Introduction Edward Said and the Politics of Subjectivity
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Although Edward Wadie Said always hated the idea of origins, most biographical accounts portray him as an Arab-Palestinian Christian born in Jerusalem—referring to this geographical place as a point of his origin. However, for Said, Palestine was only a beginning rather than an origin. For, “[b]eginning is basically an activity,” writes Said, “which ultimately implies return and repetition rather than simple linear accomplishment.” While origin often implies a theological/divine association, both beginning and beginning-again confirm “a radical severity and verify evidence of at least some innovation—of having begun” (Beginnings: Intention and Method xiii).1 In this sense, it is appropriate to say that Said began his life with Palestine rather than he originated in Palestine.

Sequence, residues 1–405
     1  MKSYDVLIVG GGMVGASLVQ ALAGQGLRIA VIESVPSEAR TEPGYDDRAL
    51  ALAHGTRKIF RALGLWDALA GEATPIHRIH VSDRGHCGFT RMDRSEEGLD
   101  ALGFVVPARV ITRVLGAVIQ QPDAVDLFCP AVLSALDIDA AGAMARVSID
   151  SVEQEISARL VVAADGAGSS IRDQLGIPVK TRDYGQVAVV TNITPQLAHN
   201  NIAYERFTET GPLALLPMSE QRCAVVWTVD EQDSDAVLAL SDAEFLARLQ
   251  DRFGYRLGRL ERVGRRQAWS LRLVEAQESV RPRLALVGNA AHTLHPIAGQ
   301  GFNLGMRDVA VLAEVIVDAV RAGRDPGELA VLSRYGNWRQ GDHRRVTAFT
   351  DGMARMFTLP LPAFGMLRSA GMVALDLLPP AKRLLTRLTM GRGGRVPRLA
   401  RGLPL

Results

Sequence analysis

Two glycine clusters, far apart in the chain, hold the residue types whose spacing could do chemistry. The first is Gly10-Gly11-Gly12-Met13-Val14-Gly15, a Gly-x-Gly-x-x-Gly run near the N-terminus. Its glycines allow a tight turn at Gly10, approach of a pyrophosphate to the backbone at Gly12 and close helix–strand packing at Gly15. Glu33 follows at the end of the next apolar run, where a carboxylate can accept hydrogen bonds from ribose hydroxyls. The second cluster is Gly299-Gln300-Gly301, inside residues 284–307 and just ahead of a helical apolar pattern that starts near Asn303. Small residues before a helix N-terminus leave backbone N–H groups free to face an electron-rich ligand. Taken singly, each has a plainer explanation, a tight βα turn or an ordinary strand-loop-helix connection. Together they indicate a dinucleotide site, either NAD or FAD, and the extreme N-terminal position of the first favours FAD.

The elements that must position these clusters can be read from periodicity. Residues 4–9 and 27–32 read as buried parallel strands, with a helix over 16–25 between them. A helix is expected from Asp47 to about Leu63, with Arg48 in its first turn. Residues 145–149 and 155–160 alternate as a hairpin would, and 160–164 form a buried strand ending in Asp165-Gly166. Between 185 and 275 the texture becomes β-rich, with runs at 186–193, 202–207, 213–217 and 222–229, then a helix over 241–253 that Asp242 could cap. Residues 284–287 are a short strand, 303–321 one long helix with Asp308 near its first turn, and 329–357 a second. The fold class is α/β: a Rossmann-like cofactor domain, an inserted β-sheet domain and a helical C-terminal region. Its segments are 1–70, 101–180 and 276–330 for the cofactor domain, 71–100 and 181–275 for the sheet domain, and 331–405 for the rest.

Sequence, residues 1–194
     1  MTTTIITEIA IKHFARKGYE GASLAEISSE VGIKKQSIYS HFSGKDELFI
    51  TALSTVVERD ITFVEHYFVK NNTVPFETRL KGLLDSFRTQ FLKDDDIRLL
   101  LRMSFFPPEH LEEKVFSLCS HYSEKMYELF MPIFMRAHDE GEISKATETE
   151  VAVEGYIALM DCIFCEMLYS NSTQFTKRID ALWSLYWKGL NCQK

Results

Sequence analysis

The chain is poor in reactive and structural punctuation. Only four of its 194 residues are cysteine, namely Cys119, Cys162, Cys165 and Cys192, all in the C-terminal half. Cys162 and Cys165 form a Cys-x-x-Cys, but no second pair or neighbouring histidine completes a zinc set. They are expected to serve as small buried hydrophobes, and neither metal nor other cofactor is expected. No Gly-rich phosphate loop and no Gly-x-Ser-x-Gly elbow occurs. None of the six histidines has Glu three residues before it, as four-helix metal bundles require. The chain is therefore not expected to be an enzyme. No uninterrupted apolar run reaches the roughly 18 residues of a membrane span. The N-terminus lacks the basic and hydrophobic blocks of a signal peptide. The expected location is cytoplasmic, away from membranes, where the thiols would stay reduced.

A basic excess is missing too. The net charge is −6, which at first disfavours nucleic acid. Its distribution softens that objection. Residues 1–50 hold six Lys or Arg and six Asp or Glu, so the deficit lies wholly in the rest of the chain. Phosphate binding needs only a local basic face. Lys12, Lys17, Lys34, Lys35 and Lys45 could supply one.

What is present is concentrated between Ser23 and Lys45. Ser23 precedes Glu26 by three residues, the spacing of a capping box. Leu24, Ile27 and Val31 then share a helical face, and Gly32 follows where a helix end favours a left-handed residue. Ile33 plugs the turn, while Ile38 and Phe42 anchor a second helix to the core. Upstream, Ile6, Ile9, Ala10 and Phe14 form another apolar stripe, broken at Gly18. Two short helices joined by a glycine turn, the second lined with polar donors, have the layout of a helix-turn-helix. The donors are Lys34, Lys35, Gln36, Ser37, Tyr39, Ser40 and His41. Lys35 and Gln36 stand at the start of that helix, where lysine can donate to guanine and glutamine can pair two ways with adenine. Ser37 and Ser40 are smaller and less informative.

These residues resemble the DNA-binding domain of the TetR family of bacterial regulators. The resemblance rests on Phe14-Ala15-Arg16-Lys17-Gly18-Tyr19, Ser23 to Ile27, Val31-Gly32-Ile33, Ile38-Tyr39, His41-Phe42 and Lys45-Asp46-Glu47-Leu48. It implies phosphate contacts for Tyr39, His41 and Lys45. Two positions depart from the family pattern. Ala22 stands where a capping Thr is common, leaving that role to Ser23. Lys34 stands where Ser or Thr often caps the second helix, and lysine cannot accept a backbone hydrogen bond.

KeywordsPolitical Subjectivity Colonial Experience Geographical Place Subject Formation Postcolonial Theory
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